Polytechnic Students' Union

The Polytechnic Students' Union or Sampo Building is a National Romantic building at Lönnrotinkatu 29 in central Helsinki, designed in 1903 by Karl Lindahl and Walter Thomé. It has since become a hotel and is often called the Vanha Poli (old poly).

Polytechnic Students' Union soon after completion


In 1901, after two competitions, Lindahl and Thomé won the commission to design a student union for the Helsinki Polytechnic Institute;[1] it was their first major commission.[2] They named the building after the mysterious machine in Kalevala, the Sampo, and designed the whole building in National Romantic style, including the wall friezes.[3] The exterior walls are squared rubble granite (changed from rendered stone in the original design)[4] with a round tower, and the façade used forms derived from Karelian gables and medieval house-fronts, and originally complemented the low wooden buildings on either side.[1] The combination of natural stone and medieval features in the design was common in National Romantic buildings at the time.[5][6]

The interior was multi-functional, including fraternity rooms, a restaurant, and a meeting hall two storeys high and measuring 17.5 by 13.1 metres (57 ft × 43 ft), as well as ground-floor shops. A functional mixture of medieval and modern motifs includes log walls and heavy wood columns in the main hall, pillars built from rocks elsewhere in the building, abstract ceiling decoration and woodpecker corbels.[1][2] The original furniture was designed by Count Louis Sparre.[7]


In the 1990s an extension with an interior courtyard was added, and the building became a hotel. It is now known as the Vanha Poli (Old Poly).[8][9]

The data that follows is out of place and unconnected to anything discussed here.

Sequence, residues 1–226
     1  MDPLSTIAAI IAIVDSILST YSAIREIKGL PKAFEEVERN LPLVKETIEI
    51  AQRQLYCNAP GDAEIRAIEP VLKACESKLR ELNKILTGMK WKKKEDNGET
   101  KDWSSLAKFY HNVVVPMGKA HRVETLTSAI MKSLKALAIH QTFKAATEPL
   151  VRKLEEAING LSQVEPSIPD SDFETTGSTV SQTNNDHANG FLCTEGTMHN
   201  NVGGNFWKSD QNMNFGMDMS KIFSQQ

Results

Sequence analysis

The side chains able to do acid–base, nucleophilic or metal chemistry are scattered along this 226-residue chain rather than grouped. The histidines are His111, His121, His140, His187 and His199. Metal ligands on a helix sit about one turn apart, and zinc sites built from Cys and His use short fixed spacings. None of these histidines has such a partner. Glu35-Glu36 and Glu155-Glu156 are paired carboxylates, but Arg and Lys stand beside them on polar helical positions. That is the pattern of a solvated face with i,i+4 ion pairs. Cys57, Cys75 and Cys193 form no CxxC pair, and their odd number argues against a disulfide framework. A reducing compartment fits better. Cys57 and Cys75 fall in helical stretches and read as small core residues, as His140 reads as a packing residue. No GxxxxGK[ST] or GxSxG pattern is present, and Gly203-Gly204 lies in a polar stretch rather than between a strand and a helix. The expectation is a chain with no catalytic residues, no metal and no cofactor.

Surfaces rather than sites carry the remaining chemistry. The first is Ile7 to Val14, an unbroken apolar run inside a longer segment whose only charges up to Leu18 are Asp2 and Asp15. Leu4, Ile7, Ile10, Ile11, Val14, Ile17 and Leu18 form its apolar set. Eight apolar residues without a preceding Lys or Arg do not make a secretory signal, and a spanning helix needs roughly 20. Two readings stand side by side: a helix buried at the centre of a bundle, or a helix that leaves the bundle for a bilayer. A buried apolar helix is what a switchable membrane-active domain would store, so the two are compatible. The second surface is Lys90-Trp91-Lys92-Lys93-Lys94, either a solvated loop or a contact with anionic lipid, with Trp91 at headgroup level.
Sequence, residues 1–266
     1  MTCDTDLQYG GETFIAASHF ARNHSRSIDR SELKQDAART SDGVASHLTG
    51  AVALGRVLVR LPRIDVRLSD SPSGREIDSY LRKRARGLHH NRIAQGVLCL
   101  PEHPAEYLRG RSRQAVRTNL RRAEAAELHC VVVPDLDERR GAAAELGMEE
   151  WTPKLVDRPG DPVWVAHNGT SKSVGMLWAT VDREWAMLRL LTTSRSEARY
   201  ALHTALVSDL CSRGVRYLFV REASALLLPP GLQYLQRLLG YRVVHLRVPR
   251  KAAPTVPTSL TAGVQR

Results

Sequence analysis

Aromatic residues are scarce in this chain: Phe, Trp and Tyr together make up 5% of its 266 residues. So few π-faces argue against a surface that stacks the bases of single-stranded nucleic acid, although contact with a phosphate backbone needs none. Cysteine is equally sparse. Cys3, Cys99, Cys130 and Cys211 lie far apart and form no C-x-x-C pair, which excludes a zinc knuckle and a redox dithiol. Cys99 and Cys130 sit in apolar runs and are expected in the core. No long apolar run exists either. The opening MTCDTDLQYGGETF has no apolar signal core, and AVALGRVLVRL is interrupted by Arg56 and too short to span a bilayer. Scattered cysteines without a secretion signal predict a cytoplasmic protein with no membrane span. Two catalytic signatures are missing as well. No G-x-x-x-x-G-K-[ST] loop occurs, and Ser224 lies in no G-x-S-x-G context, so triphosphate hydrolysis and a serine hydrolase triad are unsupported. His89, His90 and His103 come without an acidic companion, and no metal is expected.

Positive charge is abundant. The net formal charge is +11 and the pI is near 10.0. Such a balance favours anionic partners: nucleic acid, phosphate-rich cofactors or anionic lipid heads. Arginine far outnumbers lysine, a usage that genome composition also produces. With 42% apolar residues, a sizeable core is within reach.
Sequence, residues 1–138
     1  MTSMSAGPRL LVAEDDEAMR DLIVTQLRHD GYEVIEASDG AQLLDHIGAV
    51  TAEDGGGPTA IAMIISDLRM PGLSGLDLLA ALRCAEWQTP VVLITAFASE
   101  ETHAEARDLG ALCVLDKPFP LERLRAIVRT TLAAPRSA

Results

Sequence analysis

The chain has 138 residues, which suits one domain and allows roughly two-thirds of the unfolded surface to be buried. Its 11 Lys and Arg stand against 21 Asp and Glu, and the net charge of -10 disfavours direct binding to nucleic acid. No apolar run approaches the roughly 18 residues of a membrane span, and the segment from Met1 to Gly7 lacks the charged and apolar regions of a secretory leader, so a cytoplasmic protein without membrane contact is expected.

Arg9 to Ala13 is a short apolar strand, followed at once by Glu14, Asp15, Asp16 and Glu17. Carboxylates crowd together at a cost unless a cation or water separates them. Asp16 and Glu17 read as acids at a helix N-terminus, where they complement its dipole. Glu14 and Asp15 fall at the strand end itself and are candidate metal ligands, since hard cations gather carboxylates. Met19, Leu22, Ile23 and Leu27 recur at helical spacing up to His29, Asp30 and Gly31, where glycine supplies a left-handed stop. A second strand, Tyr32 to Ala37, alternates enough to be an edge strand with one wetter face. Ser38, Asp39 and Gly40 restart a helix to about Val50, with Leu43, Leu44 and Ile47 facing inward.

1. ^ a b c Jonathan Moorhouse, Michael Carapetian and Leena Ahtola-Moorhouse, Helsinki Jugendstil Architecture, 1895–1915, Helsinki: Otava, 1987, ISBN 9789511083825, pp. 164–65.
  2. ^ a b John Howard, Art Nouveau: International and National Styles in Europe, Critical introductions to art, Manchester/New York: Manchester University Press, 1996, ISBN 9780719041600, p. 181.
  3. ^ George C. Schoolfield, Helsinki of the Czars: Finland's Capital, 1808–1918, Studies in Scandinavian literature and culture, Columbia, South Carolina: Camden House, 1996, ISBN 9781571130266, p. 246.
  4. ^ Das Licht kommt jetzt von Norden: Jugendstil in Finnland, ed. Ingeborg Becker and Sigrid Melchior, tr. Michael Loughridge, exhibition catalogue, Berlin: Bröhan Museum, [2002], ISBN 9783980789417, p. 66.
  5. ^ Innovation versus Tradition: The Architect Lars Sonck: Works and Projects 1900–1910, tr. Jüri Kokkonen, Suomen Muinaismuistoyhdistyksen aikakauskirja 96, Helsinki: [Suomen Muinaismuistoyhdistys], 1991, ISBN 9789519056999, p. 56.
  6. ^ Fabienne Chevallier, L'œuvre d'Eliel Saarinen en Finlande et la question de l'architecture nationale de 1898 à 1909, Histoire de l'art 12, Paris: Sorbonne, 2001, ISBN 9782859444235, (in French), p. 37.
  7. ^ Dekorative Kunst 11 / Die Kunst 8: Angewandte Kunst (1903) pp. 136, 152, (in German).
  8. ^ "Thomé, Valter", Uppslagsverket Finland, (in Swedish), retrieved 31 May 2016.
  9. ^ "Vanhalle Polille taidehotelli", Ilta-Sanomat, 3 February 2012, (in Finnish).

External linksEdit

Coordinates: 60°9′51.44″N 24°55′56.14″E / 60.1642889°N 24.9322611°E / 60.1642889; 24.9322611